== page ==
Culinary History Enthusiasts of Wisconsin (CHEW), May 6, 2015 Meeting, 7:15 PM
“How Corn Changed Itself, Then Changed Everything Else”
Presenter: Cynthia Clampitt
About 10,000 years ago, a weedy grass growing in Mexico possessed of a strange trait known as a “jumping gene” transformed itself into a larger and more useful grass-the cereal grass that we would come to know as maize and then corn. Nurtured by early farmers in the Oaxaca region, this grain would transform the Americas even before First Contact. After First Contact, it would span the globe, with mixed results, but for newcomers to North America, it expanded its influence from rescuing a few early settlers to creating the Midwest. Today, it is more important than ever. As Margaret Visser noted in her classic work Much Depends on Dinner, “Without corn, North America-and most particularly modern, technological North America-is inconceivable.” Copies of Cynthia Clampitt’s book, Midwest Maize: How Corn Shaped the U.S. Heartland, will be available for purchase at the meeting.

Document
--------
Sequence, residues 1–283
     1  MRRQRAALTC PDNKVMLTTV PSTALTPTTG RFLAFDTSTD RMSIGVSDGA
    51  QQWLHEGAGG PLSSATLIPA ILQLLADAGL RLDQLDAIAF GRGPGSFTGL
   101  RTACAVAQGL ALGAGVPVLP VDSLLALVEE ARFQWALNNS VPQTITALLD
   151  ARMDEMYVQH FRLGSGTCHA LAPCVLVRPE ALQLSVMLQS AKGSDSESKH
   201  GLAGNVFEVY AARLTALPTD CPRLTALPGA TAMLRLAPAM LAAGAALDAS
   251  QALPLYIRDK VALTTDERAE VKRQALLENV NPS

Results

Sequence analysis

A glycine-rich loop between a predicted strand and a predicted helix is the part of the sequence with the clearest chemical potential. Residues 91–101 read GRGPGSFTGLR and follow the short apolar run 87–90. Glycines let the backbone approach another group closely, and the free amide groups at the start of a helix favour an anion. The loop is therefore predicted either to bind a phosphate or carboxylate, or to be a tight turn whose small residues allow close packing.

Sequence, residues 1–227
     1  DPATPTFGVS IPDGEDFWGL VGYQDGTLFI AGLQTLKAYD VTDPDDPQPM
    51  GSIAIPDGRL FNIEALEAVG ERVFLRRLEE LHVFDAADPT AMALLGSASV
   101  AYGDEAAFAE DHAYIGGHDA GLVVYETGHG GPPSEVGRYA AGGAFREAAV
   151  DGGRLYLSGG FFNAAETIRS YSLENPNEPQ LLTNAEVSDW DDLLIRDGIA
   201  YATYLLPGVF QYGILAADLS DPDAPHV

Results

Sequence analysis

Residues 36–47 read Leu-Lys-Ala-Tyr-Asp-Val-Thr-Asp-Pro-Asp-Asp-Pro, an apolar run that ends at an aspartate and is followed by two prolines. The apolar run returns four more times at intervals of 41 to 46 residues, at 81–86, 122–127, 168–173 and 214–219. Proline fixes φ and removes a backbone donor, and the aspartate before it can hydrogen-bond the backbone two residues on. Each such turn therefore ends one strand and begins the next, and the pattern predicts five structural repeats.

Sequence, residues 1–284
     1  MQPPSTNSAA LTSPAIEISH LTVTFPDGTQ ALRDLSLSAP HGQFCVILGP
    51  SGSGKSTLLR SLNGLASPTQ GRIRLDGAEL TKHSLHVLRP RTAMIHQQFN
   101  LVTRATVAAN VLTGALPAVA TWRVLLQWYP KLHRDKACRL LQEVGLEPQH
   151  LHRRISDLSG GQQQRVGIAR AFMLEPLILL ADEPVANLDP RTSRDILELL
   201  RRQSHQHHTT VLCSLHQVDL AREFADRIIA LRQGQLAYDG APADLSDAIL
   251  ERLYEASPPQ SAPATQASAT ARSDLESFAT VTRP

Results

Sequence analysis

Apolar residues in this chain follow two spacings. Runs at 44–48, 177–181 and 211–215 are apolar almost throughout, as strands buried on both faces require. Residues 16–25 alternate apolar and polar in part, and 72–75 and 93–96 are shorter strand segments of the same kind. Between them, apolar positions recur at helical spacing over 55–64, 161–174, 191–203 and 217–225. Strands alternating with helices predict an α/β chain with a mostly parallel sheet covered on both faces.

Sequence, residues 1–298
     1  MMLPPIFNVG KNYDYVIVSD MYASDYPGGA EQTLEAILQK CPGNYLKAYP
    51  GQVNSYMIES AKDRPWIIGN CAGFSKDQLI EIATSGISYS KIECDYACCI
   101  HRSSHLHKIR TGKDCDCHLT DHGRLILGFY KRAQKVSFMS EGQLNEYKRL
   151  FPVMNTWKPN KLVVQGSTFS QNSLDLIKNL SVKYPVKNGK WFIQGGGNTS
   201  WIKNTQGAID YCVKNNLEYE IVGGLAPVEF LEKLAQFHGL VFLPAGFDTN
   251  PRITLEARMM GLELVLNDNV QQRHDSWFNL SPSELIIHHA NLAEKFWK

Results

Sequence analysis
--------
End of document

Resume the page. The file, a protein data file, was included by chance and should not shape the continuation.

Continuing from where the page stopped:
Cynthia Clampitt is a writer and food historian. A fourth generation foodie, Clampitt has always considered food a topic worth studying. She has pursued her love of culture, history, and food in thirty-seven countries on six continents (so far). She is the author of Midwest Maize: How Corn Shaped the U.S. Heartland, published by the University of Illinois Press. Cynthia is a member of Culinary Historians of Chicago, the Society of Women Geographers, the Agricultural History Society, the Association of Food Journalists, and the history section of the International Association of Culinary Professionals.
Please join us at 7:15 pm at the Goodman Community Center, 149 Waubesa St., Madison, WI 53704; 608-241-1574 To get on the mailing list, or for more information, email Joan Peterson at firstname.lastname@example.org or call Jean DeVore at 608-836-1368.